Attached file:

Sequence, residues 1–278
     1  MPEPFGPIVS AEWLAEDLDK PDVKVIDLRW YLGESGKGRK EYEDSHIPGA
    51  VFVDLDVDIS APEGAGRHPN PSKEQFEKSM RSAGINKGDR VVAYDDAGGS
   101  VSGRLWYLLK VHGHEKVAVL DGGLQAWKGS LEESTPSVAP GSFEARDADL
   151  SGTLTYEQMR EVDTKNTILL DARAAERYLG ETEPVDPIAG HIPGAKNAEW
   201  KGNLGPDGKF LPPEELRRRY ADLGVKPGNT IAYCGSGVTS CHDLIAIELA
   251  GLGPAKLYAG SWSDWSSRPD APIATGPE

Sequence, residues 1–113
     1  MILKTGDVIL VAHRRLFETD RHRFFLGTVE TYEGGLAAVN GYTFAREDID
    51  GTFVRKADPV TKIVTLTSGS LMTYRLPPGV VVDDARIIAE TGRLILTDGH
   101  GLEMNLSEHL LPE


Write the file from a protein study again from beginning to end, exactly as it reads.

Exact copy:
Sequence, residues 1–278
     1  MPEPFGPIVS AEWLAEDLDK PDVKVIDLRW YLGESGKGRK EYEDSHIPGA
    51  VFVDLDVDIS APEGAGRHPN PSKEQFEKSM RSAGINKGDR VVAYDDAGGS
   101  VSGRLWYLLK VHGHEKVAVL DGGLQAWKGS LEESTPSVAP GSFEARDADL
   151  SGTLTYEQMR EVDTKNTILL DARAAERYLG ETEPVDPIAG HIPGAKNAEW
   201  KGNLGPDGKF LPPEELRRRY ADLGVKPGNT IAYCGSGVTS CHDLIAIELA
   251  GLGPAKLYAG SWSDWSSRPD APIATGPE

Sequence, residues 1–113
     1  MILKTGDVIL VAHRRLFETD RHRFFLGTVE TYEGGLAAVN GYTFAREDID
    51  GTFVRKADPV TKIVTLTSGS LMTYRLPPGV VVDDARIIAE TGRLILTDGH
   101  GLEMNLSEHL LPE